Editorial

EDITORIAL: Remembering the Victims of 9/11 and the Vote

This year marks the 19th anniversary of 9/11, remembered as the deadliest day in U.S. history. Four planes flown by terrorists slammed into the World Trade Center’s twin towers in New York and the Pentagon just outside of Washington, D.C. in Arlington, Va. and a fourth that crashed in a field in Shanksville, Pa. Hundreds of people were killed instantly, including men, women, and children of every race and ethnic group. Hundreds of others died trying to escape the flames and collapse of the 110-story New York skyscraper hit by a plane on the 80th floor, and moments later, a plane sliced through the 60th floor of its twin tower.

The attacks were captured on television broadcasts raising shock and fear across the country and the world. Among those who survived, thousands still suffer from grave illnesses, including cancers of all sorts. Many continue to seek compensation for their life-threatening conditions, including the first responders and their survivors. Others are still grieving the loss of loved ones, and their wounds reopen on the anniversary of the attack.

On this day, we join those who remember the six D.C. Public Schools teachers and students who were killed on the plane that crashed into the Pentagon. They were en route to California to study ecology by invitation of the National Geographic Society. We take this moment to say their names: Asia Cottom, Bernard Brown and Rodney Dickens, along with their teachers Hilda Taylor, James Debeuneure and Sarah Clark, from Leckie and Ketchum Elementary Schools and Backus Middle School.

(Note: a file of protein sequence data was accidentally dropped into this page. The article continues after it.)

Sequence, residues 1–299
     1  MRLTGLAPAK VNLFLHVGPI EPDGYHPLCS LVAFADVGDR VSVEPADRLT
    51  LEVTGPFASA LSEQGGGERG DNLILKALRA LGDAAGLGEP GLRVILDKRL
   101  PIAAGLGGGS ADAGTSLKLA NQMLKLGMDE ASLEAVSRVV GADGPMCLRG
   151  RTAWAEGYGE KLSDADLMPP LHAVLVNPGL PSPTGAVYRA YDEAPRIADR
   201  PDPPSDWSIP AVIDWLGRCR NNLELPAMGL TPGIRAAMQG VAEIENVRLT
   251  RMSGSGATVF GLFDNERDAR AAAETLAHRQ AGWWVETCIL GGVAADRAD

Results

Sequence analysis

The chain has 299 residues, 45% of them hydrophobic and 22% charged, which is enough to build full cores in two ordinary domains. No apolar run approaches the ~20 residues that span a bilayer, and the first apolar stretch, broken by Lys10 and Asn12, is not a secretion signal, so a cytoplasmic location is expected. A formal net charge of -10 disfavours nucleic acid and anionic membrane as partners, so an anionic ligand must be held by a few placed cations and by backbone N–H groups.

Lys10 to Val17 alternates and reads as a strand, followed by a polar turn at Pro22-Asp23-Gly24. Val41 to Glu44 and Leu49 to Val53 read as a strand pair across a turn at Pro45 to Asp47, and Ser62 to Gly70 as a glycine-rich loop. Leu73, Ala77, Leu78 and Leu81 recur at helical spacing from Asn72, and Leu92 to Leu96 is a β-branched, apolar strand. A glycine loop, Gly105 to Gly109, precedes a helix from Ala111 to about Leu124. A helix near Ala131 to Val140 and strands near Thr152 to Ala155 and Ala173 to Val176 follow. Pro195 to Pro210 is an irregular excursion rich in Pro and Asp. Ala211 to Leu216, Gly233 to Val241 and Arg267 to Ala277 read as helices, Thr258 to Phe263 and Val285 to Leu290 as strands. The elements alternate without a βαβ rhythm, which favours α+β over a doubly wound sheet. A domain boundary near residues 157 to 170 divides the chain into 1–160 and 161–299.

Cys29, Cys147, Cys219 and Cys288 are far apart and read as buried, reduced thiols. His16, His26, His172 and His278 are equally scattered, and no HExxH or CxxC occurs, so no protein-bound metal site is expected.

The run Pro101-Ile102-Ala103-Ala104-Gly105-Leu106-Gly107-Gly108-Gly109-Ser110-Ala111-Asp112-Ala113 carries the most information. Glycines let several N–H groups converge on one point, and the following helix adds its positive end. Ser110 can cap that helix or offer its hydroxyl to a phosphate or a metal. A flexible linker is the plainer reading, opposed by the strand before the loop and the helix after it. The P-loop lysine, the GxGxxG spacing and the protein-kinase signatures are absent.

Nearly 20 years later, Americans ask if we are safer today. The Obama administration abandoned the color-coded warning system, leaving most Americans with no idea of our daily susceptibility to an attack. And, what are the current warning systems?

The increasing incidents of internal terrorist attacks lay bare the fact that we are not safer. And this president makes us feel less safe with acts and statements that stoke the fires of conflict domestically and across the globe.

As we reflect on 9/11, it’s also a time to remember why it’s important to vote on Nov. 3. The security of this country also rests in the hands of its voters.

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